Qualifications needed to become a vet
To become a vet, one needs more than a profound love of animals, although its importance cannot be discounted. After all, a vet spends most of his career caring for our four-legged (and some two-legged) friends. However, just affection won’t help serve animals when their health or lives are at stake. After all, a vet is responsible for the prevention of disease and for the medical and surgical treatment of animals, and it requires a lot of training and hard work to gain this expertise.
The Royal College of Veterinary Surgeons (RCVS) is the governing body of vets in the country. Under the provisions of the Veterinary Surgeons Act of 1966, with certain minor exceptions, only a registered veterinary surgeon is permitted to diagnose and treat injuries and ailments of animals. In order to be granted membership of the RCVS, an aspiring vet will have to go to university and take a veterinary degree. The UK universities offering veterinary degrees approved by the RCVS are Bristol, Glasgow, Liverpool, Cambridge, Edinburgh and London (the Royal Veterinary College).
The courses are usually five years in length (six years at some schools). The Nottingham University has also started a new veterinary school. Applications are made through the Universities & College Admissions Service (UCAS). There are also a number of overseas degrees from Australia, New Zealand and South Africa which are approved by RCVS. Graduates from North American schools accredited by the American Veterinary Medical Association can also apply for membership to the RCVS. Holders of many European degrees are also eligible to register with RCVS if they are EU citizens.
Seats at the veterinary degree courses are highly sought after and have stringent requirements for admission. These include a strong academic record as represented by the following:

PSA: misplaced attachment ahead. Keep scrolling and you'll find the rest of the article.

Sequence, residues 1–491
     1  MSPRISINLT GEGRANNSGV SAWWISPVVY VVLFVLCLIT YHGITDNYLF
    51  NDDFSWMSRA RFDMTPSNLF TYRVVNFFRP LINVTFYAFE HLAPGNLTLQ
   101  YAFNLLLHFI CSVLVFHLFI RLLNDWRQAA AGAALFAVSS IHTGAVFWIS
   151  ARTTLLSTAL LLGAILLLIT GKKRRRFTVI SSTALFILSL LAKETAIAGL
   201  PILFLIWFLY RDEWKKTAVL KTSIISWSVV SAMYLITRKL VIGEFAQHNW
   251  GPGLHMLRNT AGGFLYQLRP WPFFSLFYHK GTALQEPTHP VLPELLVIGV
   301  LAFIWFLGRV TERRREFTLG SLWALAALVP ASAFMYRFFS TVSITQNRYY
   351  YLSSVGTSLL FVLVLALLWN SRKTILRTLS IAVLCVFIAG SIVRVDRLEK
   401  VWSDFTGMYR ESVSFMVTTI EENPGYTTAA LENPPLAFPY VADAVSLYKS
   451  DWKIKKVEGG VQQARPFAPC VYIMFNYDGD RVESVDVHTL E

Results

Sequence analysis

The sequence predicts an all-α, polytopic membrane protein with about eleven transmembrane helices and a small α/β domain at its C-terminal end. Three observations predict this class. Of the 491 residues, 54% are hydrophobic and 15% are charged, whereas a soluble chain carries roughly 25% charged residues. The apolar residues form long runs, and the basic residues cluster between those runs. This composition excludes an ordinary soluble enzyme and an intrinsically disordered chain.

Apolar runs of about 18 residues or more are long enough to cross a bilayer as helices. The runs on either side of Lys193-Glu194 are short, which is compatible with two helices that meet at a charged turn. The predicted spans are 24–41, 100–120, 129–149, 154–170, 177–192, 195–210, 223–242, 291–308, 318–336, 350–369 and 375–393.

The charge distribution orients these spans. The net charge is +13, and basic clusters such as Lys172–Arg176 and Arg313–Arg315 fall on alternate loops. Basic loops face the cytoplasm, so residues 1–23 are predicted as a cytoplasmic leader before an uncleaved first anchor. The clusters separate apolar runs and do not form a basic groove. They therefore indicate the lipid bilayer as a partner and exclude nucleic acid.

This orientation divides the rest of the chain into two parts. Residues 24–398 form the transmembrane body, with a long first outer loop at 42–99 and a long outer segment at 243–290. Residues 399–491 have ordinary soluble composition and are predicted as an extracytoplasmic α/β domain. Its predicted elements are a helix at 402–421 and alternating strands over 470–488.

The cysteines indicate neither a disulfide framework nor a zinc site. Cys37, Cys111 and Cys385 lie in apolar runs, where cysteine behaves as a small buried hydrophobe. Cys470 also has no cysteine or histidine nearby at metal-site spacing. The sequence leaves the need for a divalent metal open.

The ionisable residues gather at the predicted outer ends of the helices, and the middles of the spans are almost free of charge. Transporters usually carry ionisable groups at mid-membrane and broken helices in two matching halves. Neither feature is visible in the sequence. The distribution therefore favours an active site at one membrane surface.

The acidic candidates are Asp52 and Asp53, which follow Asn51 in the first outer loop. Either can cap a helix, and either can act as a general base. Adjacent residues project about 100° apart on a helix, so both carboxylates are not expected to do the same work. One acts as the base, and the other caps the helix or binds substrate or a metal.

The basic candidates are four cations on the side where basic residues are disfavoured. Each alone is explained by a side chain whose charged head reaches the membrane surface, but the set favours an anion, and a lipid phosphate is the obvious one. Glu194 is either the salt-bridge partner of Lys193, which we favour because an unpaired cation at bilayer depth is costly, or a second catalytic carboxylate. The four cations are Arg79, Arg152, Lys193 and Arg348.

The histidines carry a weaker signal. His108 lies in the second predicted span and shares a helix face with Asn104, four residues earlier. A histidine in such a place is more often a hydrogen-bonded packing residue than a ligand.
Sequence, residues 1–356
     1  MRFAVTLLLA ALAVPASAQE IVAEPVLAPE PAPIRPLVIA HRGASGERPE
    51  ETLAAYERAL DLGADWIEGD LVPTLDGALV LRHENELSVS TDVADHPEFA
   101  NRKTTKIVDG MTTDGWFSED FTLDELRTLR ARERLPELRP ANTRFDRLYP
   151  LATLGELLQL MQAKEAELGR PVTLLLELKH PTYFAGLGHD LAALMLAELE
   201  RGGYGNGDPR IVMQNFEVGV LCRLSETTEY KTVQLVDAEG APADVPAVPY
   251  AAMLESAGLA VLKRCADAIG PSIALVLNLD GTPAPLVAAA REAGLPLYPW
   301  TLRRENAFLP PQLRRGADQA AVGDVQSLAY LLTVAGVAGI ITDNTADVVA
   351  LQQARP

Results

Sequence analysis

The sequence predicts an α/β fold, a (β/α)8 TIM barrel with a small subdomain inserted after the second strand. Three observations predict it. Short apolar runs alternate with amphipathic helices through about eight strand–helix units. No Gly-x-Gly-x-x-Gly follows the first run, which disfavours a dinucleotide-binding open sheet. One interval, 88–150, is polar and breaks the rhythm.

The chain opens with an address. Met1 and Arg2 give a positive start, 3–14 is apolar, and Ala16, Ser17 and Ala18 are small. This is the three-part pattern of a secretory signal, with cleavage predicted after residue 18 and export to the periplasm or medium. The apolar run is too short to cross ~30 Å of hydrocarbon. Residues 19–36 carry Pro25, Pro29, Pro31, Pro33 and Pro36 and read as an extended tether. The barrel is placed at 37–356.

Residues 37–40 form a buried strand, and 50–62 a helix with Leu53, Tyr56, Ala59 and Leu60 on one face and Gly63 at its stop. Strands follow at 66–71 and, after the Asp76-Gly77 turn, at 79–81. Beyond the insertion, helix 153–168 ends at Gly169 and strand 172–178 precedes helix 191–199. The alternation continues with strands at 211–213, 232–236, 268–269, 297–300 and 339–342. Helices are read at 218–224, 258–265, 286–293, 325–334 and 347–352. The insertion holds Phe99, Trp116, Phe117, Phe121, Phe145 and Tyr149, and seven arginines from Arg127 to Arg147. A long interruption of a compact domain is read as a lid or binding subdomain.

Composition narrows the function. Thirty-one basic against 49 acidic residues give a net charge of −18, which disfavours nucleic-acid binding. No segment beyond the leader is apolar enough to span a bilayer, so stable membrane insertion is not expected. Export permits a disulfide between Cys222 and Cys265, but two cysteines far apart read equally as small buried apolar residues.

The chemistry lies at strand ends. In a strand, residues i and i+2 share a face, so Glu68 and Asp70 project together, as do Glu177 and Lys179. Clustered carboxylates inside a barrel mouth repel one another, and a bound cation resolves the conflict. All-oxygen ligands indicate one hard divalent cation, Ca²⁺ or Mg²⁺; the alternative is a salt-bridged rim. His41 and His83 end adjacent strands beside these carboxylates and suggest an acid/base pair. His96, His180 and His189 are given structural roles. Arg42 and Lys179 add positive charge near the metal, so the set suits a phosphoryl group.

Biology must usually be offered at A level. The requirement for other subjects varies a little from university to university, but either one or two subjects from Chemistry, Physics or Mathematics should be offered. Some universities may accept a third A level in a non-science subject, but it must be an academically sound subject. The minimum grades generally expected are two A’s and a B, though some schools will require three grade A’s.
Some universities accept AS levels, but specific requirements can vary. Sometimes, two AS levels will be accepted instead of one A level, except in Chemistry where a full A level is usually required.
Chemistry must be offered as well as two subjects from Biology, Physics or Mathematics. The grades generally expected are AAABB.
Applicants are normally advised to proceed to the Sixth Year and include CSYS Chemistry and Biology or Physics in their subjects.
The applicant must meet the general entrance requirements of the university. Most universities require an applicant to have at least a grade C pass in English Language, Mathematics and Science, and many will expect A grades at GCSE. Where A level Biology or Physics is not offered, the candidate must have a good pass in that subject at GCSE level.
Applicants with certain vocational qualifications relevant to the study area, such as the BTEC Diploma in Animal Science, with distinction grades, may be considered by certain schools.
In addition to academic excellence, the admission committees lay great stress on practical work experience. The applicant must show his interest in this field by prior work at a veterinary practice or a similar establishment, handling pets and farm animals. However, work experience cannot substitute academic credentials but can add to them.
Once the applicant receives his degree and registers with the RCVS, he can practise in the country as a qualified vet. If he wants to specialise in any particular field, further study is required to gain an additional diploma.